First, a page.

Parents and students in Palm Beach County learned more Thursday about what the next school year will look like during a community update held by district leaders.
Thursday's meeting provided updates on the plans to return to brick and mortar schools on Aug.10 including:
- Efforts to assist struggling students
- Summer academies, health and safety protocols
- Federal funding and COVID expenses
- School-based and district staffing
- School safety
"While many major decisions have already been made, the school board, the superintendent and his leadership team, are constantly evaluating pandemic conditions, the academic and emotional needs of our students, financial considerations and other critical factors which must be considered while we finalize our plans," Palm Beach County School District Chief of Staff Ed Tierney said.
Superintendent Donald Fennoy announced last week that a full return to campus-based learning is anticipated in the fall.
"A full return to brick and mortar this fall is anticipated, and I believe it is in the best interest of our students and staff," Superintendent Dr. Donald Fennoy said in a written statement last Friday.
The decision will end the hybrid education that has taken place since the school year began last fall.
The superintendent said Thursday the district's WiFi Mesh Network in its first phase will provide free high-speed internet access to more than 25,000 students.
Given the challenges over the last year because of the pandemic, Fennoy was adamant about helping students recover from the obstacles they have encountered.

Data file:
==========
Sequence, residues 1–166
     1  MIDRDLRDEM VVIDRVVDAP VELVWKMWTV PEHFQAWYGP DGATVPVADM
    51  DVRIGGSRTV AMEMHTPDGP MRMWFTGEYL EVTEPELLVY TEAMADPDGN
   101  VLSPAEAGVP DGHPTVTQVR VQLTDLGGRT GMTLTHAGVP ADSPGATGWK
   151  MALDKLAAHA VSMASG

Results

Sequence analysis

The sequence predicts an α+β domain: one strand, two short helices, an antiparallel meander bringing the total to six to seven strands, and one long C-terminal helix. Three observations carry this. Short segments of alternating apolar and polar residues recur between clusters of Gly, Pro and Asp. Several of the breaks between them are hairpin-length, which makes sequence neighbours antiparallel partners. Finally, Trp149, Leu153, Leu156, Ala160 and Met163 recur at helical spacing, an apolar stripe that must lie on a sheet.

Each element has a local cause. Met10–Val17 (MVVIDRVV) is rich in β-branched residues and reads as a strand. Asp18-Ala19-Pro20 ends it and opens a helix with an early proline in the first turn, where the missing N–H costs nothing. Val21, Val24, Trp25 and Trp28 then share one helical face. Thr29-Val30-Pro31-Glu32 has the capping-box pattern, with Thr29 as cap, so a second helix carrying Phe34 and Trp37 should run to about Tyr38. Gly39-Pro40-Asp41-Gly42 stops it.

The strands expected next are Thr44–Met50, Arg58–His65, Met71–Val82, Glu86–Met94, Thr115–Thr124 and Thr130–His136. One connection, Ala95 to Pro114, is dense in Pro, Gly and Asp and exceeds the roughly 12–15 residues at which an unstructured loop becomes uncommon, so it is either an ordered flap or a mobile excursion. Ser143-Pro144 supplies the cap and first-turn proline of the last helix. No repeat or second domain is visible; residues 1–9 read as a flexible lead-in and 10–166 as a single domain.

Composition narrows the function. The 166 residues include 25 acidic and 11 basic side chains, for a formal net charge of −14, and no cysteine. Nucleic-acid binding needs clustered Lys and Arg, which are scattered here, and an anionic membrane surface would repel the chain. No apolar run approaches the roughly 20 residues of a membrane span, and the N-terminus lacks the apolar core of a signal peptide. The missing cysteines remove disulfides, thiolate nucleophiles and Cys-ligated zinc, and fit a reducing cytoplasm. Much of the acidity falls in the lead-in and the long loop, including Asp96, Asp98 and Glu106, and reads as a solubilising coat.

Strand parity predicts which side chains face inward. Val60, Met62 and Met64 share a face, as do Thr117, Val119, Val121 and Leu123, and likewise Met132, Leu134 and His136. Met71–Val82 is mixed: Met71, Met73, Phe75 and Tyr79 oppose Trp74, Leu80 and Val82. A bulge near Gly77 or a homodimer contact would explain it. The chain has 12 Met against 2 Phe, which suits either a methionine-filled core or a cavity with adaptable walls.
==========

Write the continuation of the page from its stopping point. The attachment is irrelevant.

"The district is committed to equity and access to a higher quality education for every student," Fennoy said. "We are committed to the social and emotional health of every student."
The district said extensive learning opportunities will be available this summer for unfinished learning.
Deputy Superintendent Keith Oswald said there was a 13 percent increase in the number of students failing a core course, likely a result of online learning.
"This decision to move back to getting all students to brick and mortar [learning] is critical for the success of our students," Oswald said.
The deputy superintendent said parents can sign up their children for Palm Beach Virtual School if they are not interested in traditional in-person learning.
Chief Financial Officer Mike Burke said the district will spend about $1 million to fix broken computers and equipment.
Burke said the Palm Beach County School District will receive about $500 million through the federal American Rescue Plan over the next three years, calling it a "significant boost."
Leaders are setting up a series of workshops and meetings to outline how the funds will be used.
Florida Education Commissioner Richard Corcoran sent a letter to school district superintendents throughout the state urging them to eliminate their current face mask mandates.
However, Oswald said Thursday the plan right now is to keep the school mask mandate in place for public schools in Palm Beach County, but they will monitor the situation.
School Mask Mandate Survey
A recent survey was conducted with more than 3,000 public school educators in Palm Beach County.
The survey found that 68.9 percent of educators believe the current on-campus mask mandate should remain in effect at the start of fall semester for both students and employees.
The survey also found that 56.9 percent of educators believe instructors on campus who have received a COVID-19 vaccine should be allowed to remove their mask temporarily while engaging in instruction.
Classroom Teachers Association President Justin Katz released the following statement on the survey: